Interest and Dividend tax allowance

For 2106/17 how will the £5000 nil rate on interest and the £5000 nil rate on dividends work together?
For example, if person A has £8500 earned income, £6500 interest income and £6000 dividend income. Would they pay zero tax (PA £11000, SPA £1000, Dividend and Interest £5000 each at nil rate). Or pay tax of £1000 as their total taxable income exceeds £17000 and so they lose the £5000 interest tax allowance at zero rate?
  • The tax calculation in 2016/17 for income of £21,000, comprising £8,500 earned income, £6,500 savings income and £6,000 dividend income, would be as follows:
    Total
    Non savings
    Savings
    Dividend
    £
    £
    £
    £
    Total income
    21,000
    8,500
    6,500
    6,000
    Personal allowance
    (11,000)
    (8,500)
    (2,500)
    Net income*
    10,000
    4,000
    6,000
    Tax calculation:
    Savings/dividend nil rate allowances**
     
     
    (1,000)
    (5,000)
    3,000
    1,000
    Taxed at 0%
    3,000 x 0%
    Nil
    Taxed at 7.5%
    1,000 x 7.5%
    75
    *The components of net income following the rules in ITA 2007 s16 would be:
    6,000               Dividends
    4,000               Savings Income
    **These do not reduce taxable income
  • Tim, you are right of course. Thank you for spotting the better answer. You can indeed allocate the personal allowance in the manner most beneficial to the taxpayer. This is a very good illustration of how the increasing number of rates and allowances are making our tax system so much more complicated. Let's hope that writers of other apps remember to build in that check. 
  • In the example, I understand that the dividends after deducting both types of allowance, would be taxed at 7.5%.
    But why is the net savings figure taxed at 0% ? I thought this only applied if the total Income was less than £17,000. In the example it's £21,000
  • Who is correct - Tim or Joanna?
  • Tim is correct. The legislation does not prescribe the order in which the personal allowance (PA) is offset, therefore the taxpayer may allocate it in the most beneficial manner.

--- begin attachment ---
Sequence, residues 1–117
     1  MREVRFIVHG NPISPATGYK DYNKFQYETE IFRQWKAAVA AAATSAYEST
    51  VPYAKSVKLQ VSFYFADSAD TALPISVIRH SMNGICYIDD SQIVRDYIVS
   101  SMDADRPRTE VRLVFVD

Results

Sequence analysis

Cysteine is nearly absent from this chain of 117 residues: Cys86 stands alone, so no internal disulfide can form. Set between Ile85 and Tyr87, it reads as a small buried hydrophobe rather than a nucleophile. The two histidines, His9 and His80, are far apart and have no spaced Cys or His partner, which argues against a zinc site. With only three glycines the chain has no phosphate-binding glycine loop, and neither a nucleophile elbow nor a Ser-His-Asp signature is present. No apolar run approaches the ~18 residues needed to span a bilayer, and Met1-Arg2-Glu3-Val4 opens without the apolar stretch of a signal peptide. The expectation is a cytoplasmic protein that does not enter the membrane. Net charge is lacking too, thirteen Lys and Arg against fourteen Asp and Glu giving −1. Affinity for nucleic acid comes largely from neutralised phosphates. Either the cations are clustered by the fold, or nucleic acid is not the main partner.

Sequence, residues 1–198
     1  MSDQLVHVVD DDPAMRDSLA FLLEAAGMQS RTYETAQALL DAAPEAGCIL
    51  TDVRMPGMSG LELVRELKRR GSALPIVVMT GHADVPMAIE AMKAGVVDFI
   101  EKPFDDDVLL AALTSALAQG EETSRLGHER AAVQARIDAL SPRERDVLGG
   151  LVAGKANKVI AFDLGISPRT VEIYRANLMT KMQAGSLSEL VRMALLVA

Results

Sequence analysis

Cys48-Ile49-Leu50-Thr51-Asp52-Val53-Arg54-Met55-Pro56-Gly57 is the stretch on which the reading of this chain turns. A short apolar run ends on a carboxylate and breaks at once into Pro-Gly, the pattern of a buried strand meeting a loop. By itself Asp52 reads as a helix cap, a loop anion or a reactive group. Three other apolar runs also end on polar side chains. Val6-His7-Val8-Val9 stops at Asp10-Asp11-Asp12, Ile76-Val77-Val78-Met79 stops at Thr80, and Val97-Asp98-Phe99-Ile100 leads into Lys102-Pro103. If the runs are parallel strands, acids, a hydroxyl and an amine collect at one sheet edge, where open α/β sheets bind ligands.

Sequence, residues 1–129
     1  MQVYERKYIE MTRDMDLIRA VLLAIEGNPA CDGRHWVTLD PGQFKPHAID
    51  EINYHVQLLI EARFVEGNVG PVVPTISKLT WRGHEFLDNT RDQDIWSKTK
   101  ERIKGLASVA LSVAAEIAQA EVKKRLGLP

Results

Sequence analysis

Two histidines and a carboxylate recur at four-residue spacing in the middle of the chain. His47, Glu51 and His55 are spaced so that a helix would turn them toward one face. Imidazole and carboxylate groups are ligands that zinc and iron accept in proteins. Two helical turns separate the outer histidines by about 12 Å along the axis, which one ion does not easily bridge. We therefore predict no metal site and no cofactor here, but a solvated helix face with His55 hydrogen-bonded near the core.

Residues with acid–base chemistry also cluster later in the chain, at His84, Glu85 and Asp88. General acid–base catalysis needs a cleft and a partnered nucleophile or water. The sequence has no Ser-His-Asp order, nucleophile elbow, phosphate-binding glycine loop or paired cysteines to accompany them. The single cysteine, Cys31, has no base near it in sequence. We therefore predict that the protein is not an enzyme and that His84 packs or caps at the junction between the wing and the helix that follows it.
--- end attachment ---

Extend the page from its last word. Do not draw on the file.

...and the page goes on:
The introduction of the personal savings allowance and dividend nil rate band mean we must consider the interaction with the PA and starting rate band. Before the introduction of the new allowances, the PA would be offset left to right in the income tax computation. However, as the legislation states that the taxpayer may deduct the reliefs and allowances in the way which will result in the greatest reduction in the taxpayer's income tax liability, it is now beneficial to ensure the PA is not wasted on income that would otherwise be taxed at 0% under the new allowances.

    In the example above the net income is £21,000. The PA should first be used to reduce NSI to nil.  This is because there are no other allowances available to offset against NSI.

    We are now left with £2,500 of PA. In the past we would have offset this against SI, working left to right in the computation. However there is a £5,000 0% starting rate band available for interest AND a personal savings allowance available of £1,000 (as the individual is a BRTP). Therefore only £500 of SI needs to be sheltered by the PA. The SI is now reduced to nil and there is no tax liability on the interest of £6,500.

    £2,000 of PA now remains and this can offset against the dividends to reduce them to £4,000. The new dividend nil rate band allows the first £5,000 of taxable dividends to be taxed at 0%, hence the £4,000 of taxable dividends gives rise to no liability.

    Please note this example and many more will be covered in the interest and dividend allowance webinar on 30 June 2016. For more information please visit https://events.icaew.com/ShoppingCart.aspx?com=detailview&iid=3917&st_t=46&st_ti=418&rid=232&returncom=productlist&source=search

    In response to Duncan’s questions, we have raised these software issues with HMRC as the answers are not known at present. We will communicate HMRC’s response once available.